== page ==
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Industrial Output Per Capita

Here’s a letter to a reader of my blog:

Mr. C__:

Thanks for your e-mail in which you write:

As evidence bearing on the question, ‘has the American manufacturing sector significantly  declined in recent years?’ you frequently cite the metric “real industrial output” (which indicates that it has not.) I suggest that in the future, if is convenient, you use instead per capita real industrial output, which astute readers will realize is less misleading.

With respect, I don’t believe that – even without adjusting for population changes – it’s misleading to point out that real industrial output in America has generally risen over the years. Protectionists and industrial-policyists incessantly insist that America has become deindustrialized – that, in Trump’s words, “we don’t make things anymore.” Yet just one month after Trump offered this assessment, industrial output in the U.S. hit its all-time high. That was in September 2018; this output today is just a fraction lower than that all-time high. It’s also 17 percent higher than when China joined the WTO and 144 percent higher than in 1975, the last year that America ran an annual trade surplus.

Nevertheless, let’s look at industrial output per capita. The higher the ratio of the index of industrial output to population, the greater is per-capita industrial output. In 1975, the index of industrial output was 40.9148 and U.S. population was 216 million, giving a ratio (40.9148/216) of 0.189. In 2001, the index of industrial output was 89.6854 and population was 285 million, yielding a ratio of 0.315. Today (May 2024) the index of industrial production stands at 103.1187 and there are approximately 336 Americans, yielding a ratio of 0.307. So even on a per-capita basis, America hasn’t deindustrialized.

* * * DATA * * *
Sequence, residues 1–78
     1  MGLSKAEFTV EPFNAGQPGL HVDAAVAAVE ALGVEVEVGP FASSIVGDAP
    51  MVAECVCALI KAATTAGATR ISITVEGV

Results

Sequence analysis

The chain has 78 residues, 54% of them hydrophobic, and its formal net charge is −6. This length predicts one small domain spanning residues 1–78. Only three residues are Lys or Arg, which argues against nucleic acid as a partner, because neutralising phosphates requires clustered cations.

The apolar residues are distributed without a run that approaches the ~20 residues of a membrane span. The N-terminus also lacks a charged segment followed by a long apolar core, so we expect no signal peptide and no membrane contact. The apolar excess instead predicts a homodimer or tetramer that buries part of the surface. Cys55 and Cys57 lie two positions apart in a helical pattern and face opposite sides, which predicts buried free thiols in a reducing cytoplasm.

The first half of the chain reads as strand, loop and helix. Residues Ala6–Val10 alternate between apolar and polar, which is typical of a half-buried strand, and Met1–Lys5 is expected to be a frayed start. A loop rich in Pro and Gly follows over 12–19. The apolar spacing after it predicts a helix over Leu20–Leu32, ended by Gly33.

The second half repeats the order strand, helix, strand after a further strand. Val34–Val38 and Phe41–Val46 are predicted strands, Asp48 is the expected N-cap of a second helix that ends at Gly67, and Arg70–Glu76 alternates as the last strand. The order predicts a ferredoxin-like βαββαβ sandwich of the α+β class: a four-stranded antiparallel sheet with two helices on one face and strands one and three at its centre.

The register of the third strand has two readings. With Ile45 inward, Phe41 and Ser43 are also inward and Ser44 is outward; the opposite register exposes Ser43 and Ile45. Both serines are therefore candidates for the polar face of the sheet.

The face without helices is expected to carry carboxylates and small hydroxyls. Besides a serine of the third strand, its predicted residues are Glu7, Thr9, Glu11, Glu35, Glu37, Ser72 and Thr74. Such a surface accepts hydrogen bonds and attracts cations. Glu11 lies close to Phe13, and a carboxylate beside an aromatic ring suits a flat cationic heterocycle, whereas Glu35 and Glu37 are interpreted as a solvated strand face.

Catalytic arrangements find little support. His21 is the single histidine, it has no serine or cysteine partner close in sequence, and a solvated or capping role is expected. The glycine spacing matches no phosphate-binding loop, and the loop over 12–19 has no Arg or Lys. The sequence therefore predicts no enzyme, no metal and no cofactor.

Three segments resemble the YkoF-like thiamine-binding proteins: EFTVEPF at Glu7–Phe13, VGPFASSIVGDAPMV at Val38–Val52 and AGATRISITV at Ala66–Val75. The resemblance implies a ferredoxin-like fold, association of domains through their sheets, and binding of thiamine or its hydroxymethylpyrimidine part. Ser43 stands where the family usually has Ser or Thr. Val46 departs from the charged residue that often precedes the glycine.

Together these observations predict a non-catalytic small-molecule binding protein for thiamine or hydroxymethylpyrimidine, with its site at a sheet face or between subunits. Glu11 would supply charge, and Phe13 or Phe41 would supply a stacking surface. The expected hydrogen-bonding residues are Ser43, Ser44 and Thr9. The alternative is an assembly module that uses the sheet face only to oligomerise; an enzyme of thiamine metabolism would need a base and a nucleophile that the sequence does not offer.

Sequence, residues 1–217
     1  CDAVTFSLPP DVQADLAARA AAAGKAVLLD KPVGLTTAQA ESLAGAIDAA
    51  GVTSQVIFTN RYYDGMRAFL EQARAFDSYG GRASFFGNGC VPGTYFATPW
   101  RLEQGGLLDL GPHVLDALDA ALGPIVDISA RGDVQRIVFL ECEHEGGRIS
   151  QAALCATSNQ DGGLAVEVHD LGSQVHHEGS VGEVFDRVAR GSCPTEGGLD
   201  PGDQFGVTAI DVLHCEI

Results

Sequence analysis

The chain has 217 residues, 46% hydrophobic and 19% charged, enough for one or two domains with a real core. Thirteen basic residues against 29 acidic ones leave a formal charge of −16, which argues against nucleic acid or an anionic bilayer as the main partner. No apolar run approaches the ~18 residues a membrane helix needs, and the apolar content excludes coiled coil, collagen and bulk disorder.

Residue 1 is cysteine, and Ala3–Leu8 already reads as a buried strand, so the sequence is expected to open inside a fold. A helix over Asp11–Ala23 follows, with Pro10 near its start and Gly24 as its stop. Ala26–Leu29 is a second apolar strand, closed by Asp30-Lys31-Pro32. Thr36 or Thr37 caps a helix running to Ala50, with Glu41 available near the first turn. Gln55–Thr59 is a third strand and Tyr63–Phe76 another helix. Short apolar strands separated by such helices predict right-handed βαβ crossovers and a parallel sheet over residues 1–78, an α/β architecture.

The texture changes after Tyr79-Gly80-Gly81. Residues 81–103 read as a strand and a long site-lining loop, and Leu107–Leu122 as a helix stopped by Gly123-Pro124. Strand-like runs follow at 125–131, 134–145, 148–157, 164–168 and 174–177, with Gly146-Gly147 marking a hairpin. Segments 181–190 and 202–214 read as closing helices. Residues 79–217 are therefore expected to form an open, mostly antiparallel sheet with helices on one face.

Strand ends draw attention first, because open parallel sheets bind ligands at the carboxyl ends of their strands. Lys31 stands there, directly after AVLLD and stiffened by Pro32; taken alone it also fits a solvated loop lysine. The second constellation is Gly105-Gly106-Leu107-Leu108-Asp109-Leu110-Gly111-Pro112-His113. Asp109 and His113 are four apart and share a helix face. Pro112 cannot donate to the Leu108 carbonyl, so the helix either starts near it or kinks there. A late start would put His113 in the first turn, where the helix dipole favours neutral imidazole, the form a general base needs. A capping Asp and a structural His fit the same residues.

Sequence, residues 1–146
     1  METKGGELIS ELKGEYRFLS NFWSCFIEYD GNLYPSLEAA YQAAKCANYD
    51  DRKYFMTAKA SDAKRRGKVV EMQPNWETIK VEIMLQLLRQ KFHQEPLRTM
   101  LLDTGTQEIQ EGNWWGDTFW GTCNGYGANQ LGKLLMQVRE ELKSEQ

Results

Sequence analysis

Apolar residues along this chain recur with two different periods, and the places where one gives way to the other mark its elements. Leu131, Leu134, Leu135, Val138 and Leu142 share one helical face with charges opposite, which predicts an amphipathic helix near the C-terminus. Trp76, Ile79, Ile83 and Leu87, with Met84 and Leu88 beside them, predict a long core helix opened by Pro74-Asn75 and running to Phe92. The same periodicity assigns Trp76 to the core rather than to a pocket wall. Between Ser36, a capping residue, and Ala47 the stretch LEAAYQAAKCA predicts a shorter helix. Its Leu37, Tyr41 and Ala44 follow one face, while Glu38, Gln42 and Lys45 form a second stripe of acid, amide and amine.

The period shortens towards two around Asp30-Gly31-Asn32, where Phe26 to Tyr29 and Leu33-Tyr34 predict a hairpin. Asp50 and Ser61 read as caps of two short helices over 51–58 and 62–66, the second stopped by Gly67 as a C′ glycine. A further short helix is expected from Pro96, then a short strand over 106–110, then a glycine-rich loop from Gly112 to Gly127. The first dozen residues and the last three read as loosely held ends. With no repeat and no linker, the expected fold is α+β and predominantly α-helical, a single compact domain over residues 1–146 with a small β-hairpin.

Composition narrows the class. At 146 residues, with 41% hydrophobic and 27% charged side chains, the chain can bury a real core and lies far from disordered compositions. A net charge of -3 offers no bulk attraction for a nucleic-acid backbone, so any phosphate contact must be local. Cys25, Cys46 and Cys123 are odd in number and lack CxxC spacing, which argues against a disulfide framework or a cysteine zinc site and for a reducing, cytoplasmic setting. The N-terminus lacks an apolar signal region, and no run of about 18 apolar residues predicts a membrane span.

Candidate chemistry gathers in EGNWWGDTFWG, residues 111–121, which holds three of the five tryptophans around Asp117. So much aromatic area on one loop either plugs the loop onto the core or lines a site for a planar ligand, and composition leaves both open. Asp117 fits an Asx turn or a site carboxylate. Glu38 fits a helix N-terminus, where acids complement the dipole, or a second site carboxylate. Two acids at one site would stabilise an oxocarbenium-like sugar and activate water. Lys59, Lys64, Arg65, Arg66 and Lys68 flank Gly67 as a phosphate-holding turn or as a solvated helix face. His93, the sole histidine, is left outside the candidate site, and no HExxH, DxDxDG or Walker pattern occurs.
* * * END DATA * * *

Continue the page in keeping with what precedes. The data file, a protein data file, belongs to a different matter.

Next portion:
I end with a more fundamental question: So what? It happens that the constant assertion that America has deindustrialized is mistaken, and this error should be pointed out. But there is, in fact, nothing special about outputs classified as “industrial.” The ultimate source of value is human creativity – innovation, the application of the human mind and the effectiveness of this application to produce goods and services that improve human lives. If we Americans were to specialize even more than we already do at producing outputs classified as “services” – specialization driven by income earners voluntarily spending their incomes as they choose – the result would be nothing to bemoan.

Donald J. Boudreaux
Professor of Economics
Martha and Nelson Getchell Chair for the Study of Free Market Capitalism at the Mercatus Center
George Mason University
Fairfax, VA 22030

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